Griffith, E. E. (2016, October 28). Chester Middlebrook Pierce, M.D.: A Life That Mattered. Retrieved from https://psychnews.psychiatryon...

Lui, P. P., & Quezada, L. (2019, April 10). Microaggressions: What They Are, And How They Are Associated With Adjustment Outcomes. Retrieved from https://www.apa.org/pubs/highl...

Nadal, K. (2018). Microaggressions and Traumatic Stress: Theory, Research, and Clinical Treatment. Retrieved from https://www.apa.org/pubs/books... 

National Science Foundation (Ed.). (n.d.). Making the Invisible Visible: Gender Microaggressions. Retrieved from https://www.unh.edu/sites/defa...

Sue, D. W., Capodilupo, C. M., Torino, G. C., Bucceri, J. M., Holder, A. M. B., Nadal, K. L., & Esquilin, M. (2007). Racial microaggressions in everyday life: Implications for clinical practice. American Psychologist, 62(4), 271-286. doi:http://dx.doi.org.ezproxy.roll...

To book an appointment with Tanya Scuccimarra, click here.

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  • antiracism
  • community
  • counseling
  • mental health
  • multiculturalism
  • racial justice
  • relationships
  • resilience
  • self help
  • self-care

What is your body trying to tell you?

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What is your body trying to tell you?

Blog post by Kat Deery, GSCI

Have you ever experienced a break out of acne after a stressful week? Random pains occur in your body without explanation? Or perhaps you're developing arthritis in your thirties, wondering how could this be? Well sometimes these occurrences can be explained through Somatic Therapy.

Somatic Therapy is an approach to therapy that focuses on the mind-body-soul connection. This theory supports the idea that what manifests in the physical is a reflection of what is happening mentally and emotionally. It’s known that stress can take a physical toll on the body: you may be more irritable, your sleep patterns may be disrupted, or your appetite changes. Our central nervous system adjusts and reacts to the emotional and mental stress we experience. When traumatic experiences lay dormant and do not receive the proper attention they deserve, the emotional stress of it all can get stuck in the body and manifest itself in physical ways.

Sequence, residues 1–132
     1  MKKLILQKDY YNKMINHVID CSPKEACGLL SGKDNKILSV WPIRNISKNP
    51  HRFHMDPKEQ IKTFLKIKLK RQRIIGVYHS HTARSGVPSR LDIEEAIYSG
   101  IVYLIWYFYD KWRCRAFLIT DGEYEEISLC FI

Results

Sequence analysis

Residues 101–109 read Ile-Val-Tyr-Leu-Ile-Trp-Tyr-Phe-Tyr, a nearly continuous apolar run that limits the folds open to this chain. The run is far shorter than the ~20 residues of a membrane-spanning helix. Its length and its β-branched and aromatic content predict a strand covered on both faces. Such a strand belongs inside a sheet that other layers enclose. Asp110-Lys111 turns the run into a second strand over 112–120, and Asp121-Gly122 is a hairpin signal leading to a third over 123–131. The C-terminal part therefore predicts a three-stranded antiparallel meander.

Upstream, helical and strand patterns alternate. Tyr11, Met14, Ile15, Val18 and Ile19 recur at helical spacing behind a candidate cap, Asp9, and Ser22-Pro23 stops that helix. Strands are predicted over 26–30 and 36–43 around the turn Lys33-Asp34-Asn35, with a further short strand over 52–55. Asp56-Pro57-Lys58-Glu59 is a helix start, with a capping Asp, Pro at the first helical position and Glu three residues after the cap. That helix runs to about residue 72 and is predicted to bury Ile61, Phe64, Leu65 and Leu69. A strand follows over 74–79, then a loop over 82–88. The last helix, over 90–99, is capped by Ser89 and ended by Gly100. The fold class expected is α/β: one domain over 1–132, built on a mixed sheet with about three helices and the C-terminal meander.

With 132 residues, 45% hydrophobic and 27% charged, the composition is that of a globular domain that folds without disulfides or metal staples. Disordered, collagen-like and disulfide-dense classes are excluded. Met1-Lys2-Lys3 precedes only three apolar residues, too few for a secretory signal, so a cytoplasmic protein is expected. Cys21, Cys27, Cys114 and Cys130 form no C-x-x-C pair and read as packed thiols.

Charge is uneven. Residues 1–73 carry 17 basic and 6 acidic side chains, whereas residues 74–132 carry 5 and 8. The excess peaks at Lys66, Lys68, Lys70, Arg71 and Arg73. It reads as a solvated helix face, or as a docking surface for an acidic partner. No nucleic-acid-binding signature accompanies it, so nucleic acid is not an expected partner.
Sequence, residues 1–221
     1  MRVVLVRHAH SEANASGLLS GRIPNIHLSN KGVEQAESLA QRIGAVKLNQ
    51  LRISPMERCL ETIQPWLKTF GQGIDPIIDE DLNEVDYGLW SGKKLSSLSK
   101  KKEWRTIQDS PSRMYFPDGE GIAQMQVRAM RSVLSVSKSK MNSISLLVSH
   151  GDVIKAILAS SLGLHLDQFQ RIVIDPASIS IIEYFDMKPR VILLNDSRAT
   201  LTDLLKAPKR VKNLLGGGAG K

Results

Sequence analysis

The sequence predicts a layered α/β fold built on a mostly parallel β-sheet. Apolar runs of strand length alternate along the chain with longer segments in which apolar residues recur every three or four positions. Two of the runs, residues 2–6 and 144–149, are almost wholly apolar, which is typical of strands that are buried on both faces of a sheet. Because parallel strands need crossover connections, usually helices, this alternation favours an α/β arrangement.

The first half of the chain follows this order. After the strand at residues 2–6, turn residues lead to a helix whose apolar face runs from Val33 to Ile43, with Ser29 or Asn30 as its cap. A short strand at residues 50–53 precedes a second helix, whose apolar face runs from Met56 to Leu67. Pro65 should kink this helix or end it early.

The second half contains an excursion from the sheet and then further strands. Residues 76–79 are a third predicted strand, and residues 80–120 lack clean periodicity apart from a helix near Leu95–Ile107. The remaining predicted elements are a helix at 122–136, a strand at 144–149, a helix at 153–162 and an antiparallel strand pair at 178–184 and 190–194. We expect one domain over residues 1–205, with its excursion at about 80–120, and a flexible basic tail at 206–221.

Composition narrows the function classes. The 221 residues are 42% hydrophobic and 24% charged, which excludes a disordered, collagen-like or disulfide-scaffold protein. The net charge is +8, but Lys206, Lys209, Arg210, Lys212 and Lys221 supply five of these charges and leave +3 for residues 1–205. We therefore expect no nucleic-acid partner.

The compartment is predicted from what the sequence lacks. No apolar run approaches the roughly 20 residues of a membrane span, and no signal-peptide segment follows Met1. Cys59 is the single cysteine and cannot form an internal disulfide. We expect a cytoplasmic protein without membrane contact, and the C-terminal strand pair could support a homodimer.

Somatic therapy is an experiential process that can work in conjunction with other psychotherapy approaches to counseling like cognitive behavioral therapy to alleviate symptoms and facilitate healing. This type of therapy is often used with clients who are experiencing anxiety, depression, grief, trauma, chronic pain or illness, etc. Interventions like deep breathing, meditation, exercise, yoga, dance, art therapy, and cognitive reframing are all ways to facilitate body-mind-soul connection and spark some self awareness. 

Why is Somatic Therapy relevant to counseling today?

It’s no question that 2020 has been a challenging year for all of us, with a global pandemic occurring, racial injustices continuing, jobs being lost, family members isolated, travel plans cancelled, online schooling, political arguments, and so much more it’s no wonder rates of depression and anxiety are increasing. 

I encourage you to take a look at your body’s wellbeing. Has it been affected by these events over the last few months...Are you seeing any changes that concern you? What is your body telling you? Do you need more rest? Do you need to implement  boundaries with those around you? Do you need more love and acceptance of yourself? 

Sometimes chronic pain like arthritis is your body telling you that it feels criticized or you're holding on to resentment. Acne could be your body telling you that you need to increase acceptance of the self. 

Somatic therapy can provide healing to those who participate because not only does it relieve some of the physical symptoms it investigates the root cause and attempts to heal those wounds from the inside out. Using techniques like positive self-talk, intentional body movement, and cognitive restructuring are incredible ways to combat the emotional causes for our physical symptoms. Somatic therapy is not a replacement for professional medical care but it is a great addition to improve how we care for our bodies, mind, body and spirit. 


Hay, L. L. (2012). Heal your body: The mental causes for physical illness and the metaphysical way to overcome them. Carlsbad, CA: Hay House.

Somatic Therapy. (n.d.). Retrieved September 09, 2020, from https://www.psychologytoday.com/us/therapy-types/somatic-therapy

To book an appointment with Katherine Deery, click here.

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  • anxiety
  • counseling
  • covid
  • depression
  • healing
  • mental health
  • mindfulness
  • psychotherapy
  • resilience
  • self help
  • self-care
  • somatic experiencing
  • stress